Sonia Christie – Eco-Gardener: Bidding Reform farewell
“Spaghetti-Man?” suggested my forever-ravenous Ollie. “He could zap out pasta strings to tie up the villains!” Ellie raised her head briefly from Les Miserables: “How about Book-Woman? With a swirl of her cape she could produce any tome, thus providing the answer to all conundrums.” Bruce lifted off his headphones: “Music-Man? He could make music to soothe or strengthen through adversity.”
I enthusiastically joined in: “Oooh! Oooh! I know! What about Seed-Girl? She could drop large seeds to stop baddies in their tracks, or lots of small ones to make them slip over and she could solve world famine.” Heads shook sadly all around. I clearly need to work on my superhero ideas.
Not that I am trying to justify my lame idea, but I think there is something amazing about seeds, I think the most magical are beetroot seeds. Apart from their strange gnarled appearance, most are multi-germ, meaning that one seed can produce several seedlings. Beetroot lowers blood pressure, protects against liver disease and depression as well as being nature’s Viagra – a fact known for centuries as images were painted on the walls of Pompeii’s brothel.
It grows best in an open, sunny site, manured before sowing with an added sprinkling of multi-purpose fertiliser. Sow seeds 10cm apart and 2.5cm deep in rows 25cm apart, or 15cm apart if block-planting, at fortnightly intervals from mid-February (with protection until late March) to June for a succession of tender roots, best harvested from golf ball to cricket ball size. Slugs can be a problem: I use the three-pronged approach of Advanced Slug Killer organic pellets, and watered in nematodes (both from the Organic Gardening Catalogue) and hand removal. I water (from the water butt) in dry conditions or they can become woody. It is tolerant of salt so can be grown in coastal gardens and the round ball varieties like “Regala” are also suitable for growing in containers, virtually the only condition beetroot doesn’t thrive in is acid soil. My favourites are the heirloom variety “Barbabietola di Chioggia” which has concentric rings of pink and white and “Boltardy” resistant to bolting caused by cold weather when young.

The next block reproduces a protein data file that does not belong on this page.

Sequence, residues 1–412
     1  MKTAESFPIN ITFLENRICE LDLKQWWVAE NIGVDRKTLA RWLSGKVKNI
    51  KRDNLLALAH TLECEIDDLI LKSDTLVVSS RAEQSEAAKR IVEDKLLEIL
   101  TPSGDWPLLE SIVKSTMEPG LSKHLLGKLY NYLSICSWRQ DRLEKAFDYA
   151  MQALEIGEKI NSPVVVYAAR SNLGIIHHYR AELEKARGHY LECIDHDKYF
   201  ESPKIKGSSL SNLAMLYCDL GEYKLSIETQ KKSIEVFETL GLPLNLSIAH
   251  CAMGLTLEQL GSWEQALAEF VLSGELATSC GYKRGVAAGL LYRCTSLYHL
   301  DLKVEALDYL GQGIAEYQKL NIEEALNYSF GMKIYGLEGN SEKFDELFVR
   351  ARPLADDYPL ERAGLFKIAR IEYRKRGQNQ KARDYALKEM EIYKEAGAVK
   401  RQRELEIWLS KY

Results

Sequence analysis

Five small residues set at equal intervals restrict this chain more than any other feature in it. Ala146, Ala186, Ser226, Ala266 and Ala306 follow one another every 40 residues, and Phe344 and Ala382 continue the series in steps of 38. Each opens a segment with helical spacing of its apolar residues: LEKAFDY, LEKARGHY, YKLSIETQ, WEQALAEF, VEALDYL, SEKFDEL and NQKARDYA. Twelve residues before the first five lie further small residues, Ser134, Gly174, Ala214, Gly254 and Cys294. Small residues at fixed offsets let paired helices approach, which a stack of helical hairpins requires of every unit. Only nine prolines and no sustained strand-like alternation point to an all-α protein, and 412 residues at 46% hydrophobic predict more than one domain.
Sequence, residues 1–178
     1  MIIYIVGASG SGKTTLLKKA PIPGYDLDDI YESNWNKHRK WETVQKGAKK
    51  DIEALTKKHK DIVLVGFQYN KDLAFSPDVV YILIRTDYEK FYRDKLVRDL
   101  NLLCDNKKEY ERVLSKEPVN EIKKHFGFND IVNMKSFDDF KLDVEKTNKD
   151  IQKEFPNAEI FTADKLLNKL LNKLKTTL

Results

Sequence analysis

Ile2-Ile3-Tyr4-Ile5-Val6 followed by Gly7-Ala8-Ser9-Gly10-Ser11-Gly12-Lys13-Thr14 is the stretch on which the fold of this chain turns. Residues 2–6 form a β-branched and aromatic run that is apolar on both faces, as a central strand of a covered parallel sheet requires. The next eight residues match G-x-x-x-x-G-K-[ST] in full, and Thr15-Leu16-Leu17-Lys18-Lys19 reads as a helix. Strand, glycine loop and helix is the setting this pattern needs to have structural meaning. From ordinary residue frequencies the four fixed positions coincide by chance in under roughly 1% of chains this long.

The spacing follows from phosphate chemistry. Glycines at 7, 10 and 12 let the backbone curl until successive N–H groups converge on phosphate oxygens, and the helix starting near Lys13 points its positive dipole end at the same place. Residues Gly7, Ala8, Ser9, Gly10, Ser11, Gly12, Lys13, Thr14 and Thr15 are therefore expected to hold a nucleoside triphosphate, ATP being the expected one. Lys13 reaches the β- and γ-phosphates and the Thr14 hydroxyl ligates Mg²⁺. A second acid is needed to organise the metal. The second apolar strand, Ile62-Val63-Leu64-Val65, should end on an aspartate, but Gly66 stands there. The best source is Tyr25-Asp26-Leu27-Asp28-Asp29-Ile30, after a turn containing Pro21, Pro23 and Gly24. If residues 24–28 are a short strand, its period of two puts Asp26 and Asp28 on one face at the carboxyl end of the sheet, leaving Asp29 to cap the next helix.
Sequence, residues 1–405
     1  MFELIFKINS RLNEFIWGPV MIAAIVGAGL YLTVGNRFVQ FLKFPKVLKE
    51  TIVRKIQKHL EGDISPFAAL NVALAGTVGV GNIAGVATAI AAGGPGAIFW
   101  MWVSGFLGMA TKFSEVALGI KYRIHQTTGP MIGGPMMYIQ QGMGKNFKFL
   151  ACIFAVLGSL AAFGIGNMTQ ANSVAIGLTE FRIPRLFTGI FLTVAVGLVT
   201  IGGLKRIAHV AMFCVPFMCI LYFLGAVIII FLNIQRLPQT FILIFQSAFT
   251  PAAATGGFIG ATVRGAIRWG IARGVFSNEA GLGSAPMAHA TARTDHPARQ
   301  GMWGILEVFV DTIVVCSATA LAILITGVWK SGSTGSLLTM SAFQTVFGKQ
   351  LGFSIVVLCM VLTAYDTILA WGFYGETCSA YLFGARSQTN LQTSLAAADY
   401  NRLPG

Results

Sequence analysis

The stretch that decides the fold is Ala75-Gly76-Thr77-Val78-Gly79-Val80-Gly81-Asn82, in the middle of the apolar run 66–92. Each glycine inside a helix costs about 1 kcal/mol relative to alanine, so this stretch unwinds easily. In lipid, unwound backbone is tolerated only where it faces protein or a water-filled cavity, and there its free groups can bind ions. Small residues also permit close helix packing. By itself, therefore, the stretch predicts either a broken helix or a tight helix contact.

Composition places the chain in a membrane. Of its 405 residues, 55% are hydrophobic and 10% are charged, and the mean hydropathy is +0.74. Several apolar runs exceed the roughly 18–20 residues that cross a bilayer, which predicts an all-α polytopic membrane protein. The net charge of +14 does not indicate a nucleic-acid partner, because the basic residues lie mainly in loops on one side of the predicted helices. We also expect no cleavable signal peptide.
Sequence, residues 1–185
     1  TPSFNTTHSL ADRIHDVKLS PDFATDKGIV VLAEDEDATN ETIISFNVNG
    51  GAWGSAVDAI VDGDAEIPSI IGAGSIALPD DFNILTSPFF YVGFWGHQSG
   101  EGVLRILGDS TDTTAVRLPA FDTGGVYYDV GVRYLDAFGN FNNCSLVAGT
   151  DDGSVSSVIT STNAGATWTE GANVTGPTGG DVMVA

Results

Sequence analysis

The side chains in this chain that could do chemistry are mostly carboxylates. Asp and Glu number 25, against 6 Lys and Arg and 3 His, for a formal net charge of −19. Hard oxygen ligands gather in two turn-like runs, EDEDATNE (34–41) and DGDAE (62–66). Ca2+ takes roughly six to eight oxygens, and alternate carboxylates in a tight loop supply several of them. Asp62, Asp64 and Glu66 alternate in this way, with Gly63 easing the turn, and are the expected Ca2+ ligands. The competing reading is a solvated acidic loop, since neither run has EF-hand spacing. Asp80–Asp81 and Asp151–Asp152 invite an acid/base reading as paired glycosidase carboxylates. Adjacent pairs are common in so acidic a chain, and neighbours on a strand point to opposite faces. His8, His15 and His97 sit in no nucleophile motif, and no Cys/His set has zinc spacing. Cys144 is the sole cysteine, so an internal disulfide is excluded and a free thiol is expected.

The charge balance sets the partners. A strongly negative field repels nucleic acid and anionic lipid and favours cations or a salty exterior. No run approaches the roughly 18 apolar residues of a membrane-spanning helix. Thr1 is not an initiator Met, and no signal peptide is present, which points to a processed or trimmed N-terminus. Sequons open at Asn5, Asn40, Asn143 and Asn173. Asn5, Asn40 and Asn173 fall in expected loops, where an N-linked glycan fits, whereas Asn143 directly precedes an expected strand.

Alex came up with his own superhero, deciding on Lego-Man, with the ability to build anything at a super-speed, and it made me smile. It would have been nice to have Lego-Man help us as we attempted to make our home and garden more eco-friendly.
This year our eco-garden-work continues. We are planning a flock of chickens; planting a native hedge; making our own fertiliser and growing asparagus (you can follow our progress on http://hairygooseberries.blogspot.co.uk/).
As this is my last article I would like to say that it has been a pleasure sharing my family’s eco-antics with you over the last five years. I hope you have enjoyed reading it as much as I have enjoyed writing it. It was these words from Native American Chief Seattle – read when Ellie was born – that first started my environmental questioning and so it seems fitting that I end with them: “We do not inherit the earth from our ancestors; we borrow it from our children”.
This article was published in the March 2013 edition of Reform.